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Do Alzheimer's patients suffer?

Yes, emotional and physical suffering can occur. Once someone is diagnosed with Alzheimer’s suffering from grief or depression is often the first reaction. Both reactions have a severe impact on the quality of life. In the later stages, tube feeding can result in psychological effects that can be compared to the feeling of torture.

If a beloved one is diagnosed with Alzheimer’s the psychological effect can be agonizing.

Let me tell you the heartbreaking story of Mrs. Blue.

After receiving her diagnosis she turns around to her husband.

Looking at him with tears in her eyes, she whispered: “This is the beginning of the end.”

In the following weeks, she suffered from severe depression, which had not been treated by a professional.

She spent entire days in bed.

Even though her husband Mr. Blue tried his best to make her feel comfortable, he could simply not reach her.

There she was, lying in bed and overcome by the feeling of hopelessness.

Sadly, this will not be the only period in which she will suffer.

Besides, she is not the first to suffer severe depression, which is comorbid to Alzheimer's.

Almost half of all Alzheimer’s patients suffer from depression.

So let’s take a look at the emotions, thought patterns, and psychological effects that arise due to the disease.

Table of Content
How does an Alzheimer’s patient suffer in the early stages?
How does an Alzheimer’s patient suffer in the late stages?
List of Resources
About the Author

How does an Alzheimer’s patient suffer in the early stages?

Suffering from depression is common for patients in the early stages. Knowing that there is no cure creates hopelessness. Besides, knowing that the good days will come to an end increases the effects of depression, too. Having no energy and feeling exhausted is common.

There are thoughts, which indicate that your beloved person suffers from depression.

Sometimes they voice those thoughts, so pay attention to what they are saying.

Thoughts indicating depression in Alzheimer’s patients:
6 Examples
1. There is no cure.
2. Nobody and nothing can help me.
3. There is just so little time left.
4. I will be a burden to my family.
5. Why me?
6. How can this happen to me?

Such thoughts have a direct impact on the emotional world.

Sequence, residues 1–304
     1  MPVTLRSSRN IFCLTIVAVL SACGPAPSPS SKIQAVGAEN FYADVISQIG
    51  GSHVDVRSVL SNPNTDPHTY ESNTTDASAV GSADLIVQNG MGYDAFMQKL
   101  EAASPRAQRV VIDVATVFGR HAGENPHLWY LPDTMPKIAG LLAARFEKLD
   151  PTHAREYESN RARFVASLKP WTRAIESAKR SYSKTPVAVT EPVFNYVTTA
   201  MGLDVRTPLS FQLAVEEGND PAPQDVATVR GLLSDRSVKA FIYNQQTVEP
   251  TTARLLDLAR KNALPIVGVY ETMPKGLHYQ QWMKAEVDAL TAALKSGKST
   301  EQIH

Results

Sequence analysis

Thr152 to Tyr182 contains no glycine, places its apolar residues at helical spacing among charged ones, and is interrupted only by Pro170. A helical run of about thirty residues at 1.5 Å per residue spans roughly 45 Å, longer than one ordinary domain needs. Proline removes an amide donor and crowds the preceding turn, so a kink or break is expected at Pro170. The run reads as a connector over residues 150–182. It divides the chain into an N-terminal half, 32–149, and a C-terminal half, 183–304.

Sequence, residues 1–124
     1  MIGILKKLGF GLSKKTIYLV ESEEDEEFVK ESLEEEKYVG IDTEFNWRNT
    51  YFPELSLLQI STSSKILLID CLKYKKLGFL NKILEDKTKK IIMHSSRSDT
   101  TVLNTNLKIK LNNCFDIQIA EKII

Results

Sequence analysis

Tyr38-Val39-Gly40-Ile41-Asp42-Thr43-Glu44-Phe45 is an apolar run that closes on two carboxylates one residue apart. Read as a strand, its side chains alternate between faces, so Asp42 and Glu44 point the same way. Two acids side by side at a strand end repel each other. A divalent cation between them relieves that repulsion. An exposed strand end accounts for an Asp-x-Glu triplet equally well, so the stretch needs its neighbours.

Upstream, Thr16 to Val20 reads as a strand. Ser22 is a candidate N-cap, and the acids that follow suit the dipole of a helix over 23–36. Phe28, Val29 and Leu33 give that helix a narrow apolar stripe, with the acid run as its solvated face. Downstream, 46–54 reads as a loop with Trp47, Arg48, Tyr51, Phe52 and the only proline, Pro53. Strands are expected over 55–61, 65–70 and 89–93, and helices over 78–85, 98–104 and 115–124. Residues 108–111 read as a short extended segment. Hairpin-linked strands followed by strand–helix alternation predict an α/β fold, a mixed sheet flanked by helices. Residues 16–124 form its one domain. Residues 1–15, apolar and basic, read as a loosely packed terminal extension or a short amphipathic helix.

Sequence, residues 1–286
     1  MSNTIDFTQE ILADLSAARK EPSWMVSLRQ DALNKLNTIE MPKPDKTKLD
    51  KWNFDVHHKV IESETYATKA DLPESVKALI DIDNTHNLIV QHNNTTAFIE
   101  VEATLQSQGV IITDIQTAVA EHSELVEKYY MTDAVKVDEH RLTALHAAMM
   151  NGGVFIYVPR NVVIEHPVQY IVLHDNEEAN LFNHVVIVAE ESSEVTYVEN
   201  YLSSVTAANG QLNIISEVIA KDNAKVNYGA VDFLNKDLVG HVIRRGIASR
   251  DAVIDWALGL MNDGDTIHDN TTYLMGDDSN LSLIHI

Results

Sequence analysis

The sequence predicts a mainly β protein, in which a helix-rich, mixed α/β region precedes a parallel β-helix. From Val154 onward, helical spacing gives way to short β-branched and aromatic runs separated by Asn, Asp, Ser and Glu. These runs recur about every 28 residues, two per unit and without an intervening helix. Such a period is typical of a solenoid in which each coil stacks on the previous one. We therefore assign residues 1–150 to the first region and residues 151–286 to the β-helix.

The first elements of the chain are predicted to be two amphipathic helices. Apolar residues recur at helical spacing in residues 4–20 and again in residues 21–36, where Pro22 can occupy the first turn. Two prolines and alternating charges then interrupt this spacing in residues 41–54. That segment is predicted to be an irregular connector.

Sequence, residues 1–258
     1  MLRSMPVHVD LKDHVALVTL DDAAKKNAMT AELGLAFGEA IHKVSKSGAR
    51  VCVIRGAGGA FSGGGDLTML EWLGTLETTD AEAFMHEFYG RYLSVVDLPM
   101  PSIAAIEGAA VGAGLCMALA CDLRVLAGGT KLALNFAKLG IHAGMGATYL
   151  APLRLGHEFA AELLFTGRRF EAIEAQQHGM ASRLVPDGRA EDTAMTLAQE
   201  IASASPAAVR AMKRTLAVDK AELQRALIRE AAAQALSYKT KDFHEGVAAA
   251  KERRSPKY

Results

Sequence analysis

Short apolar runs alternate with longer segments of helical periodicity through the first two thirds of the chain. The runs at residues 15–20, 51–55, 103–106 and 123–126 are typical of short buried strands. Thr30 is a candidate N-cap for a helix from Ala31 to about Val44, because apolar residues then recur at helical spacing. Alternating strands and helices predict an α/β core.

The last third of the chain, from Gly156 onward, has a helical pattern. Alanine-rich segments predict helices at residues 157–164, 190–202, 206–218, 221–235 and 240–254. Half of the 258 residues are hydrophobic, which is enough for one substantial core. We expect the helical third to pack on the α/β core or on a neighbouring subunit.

Here is a list of feelings/emotions that can be associated with depression.

Emotions and feelings of Alzheimer’s patients with comorbid depression.
7 Examples
1. Feeling hopeless.
2. Experiencing exhaustion.
3. Feeling nothing, or empty.
4. Regretful of life.
5. Feeling down.
6. Discouraged.
7. Feeling dependent.

As you can see, there is an entire emotional roller coaster that can be experienced.

Sometimes, being there and trying your best to help your beloved one is not enough.

It is mandatory to find professional help. Your best bet is a psychotherapist.

The therapist will administer Beck’s Inventory, which is a test for rating depression.

Results can range from mild, moderate to severe depression.

How does an Alzheimer’s patient suffer in the late stages?

Untreated depression can be present. Additionally, many patients lose their ability to chew. Eating and drinking are impossible without a feeding tube. Commonly, patients do not realize having a feeding tube. Thus, trying to free themselves. Then, the patient needs to be fixated and sedated. A procedure, which can have psychological effects that come close to feeling tortured.

Taking care of someone in the late stages of Alzheimer’s is intensive and stressful.

However, Alzheimer’s patients are completely dependent on the care of others.

By that time, they might not remember who their caregivers are from time to time.

Leaving them with a feeling of dependence to a probable stranger.

It could be speculated whether or not feed tubing and complete loss of memory come with post-traumatic stress disorder.

Lastly, we can only imagine what Alzheimer’s patients go through in the late stages.

In my post “Why do Alzheimer’s patients want to go home?”, I describe some common phenomena that can be observed at the later stages. It gives insight into the emotional world that lays beneath the phrase.

So there you have it. Alzheimer’s patients do suffer. But, some cope relatively well. Making the most out of each day.

Nonetheless, I would like to leave you with a small thought experiment.

Imagine the following scenario:

How would you feel, when you would receive an Alzheimer’s diagnosis? And now, try to find the proper date for this event. Maybe when you would be 75 years old?

So how many good years remain for you right now?

Are you satisfied with how you live?

Are you enjoying life to its fullest?

And most importantly would you think this way, even after being diagnosed?

List of Resources

Patric Pförtner

B. Sc. Psychology

Hi, my name is Patric Pfoertner and I graduated 2020 from the NBU. Currently, I work and study in Germany. My specialisations are Cognitive Psychology paired with a good slack of Clinical Psychology. Just this year I started publishing my research in the CBB Journal. Feel free to read about it at ResearchGate. Otherwise, click the other button to read my full CV.

About Author ResearchGate

P.S.: I am available for psychological consultation, too.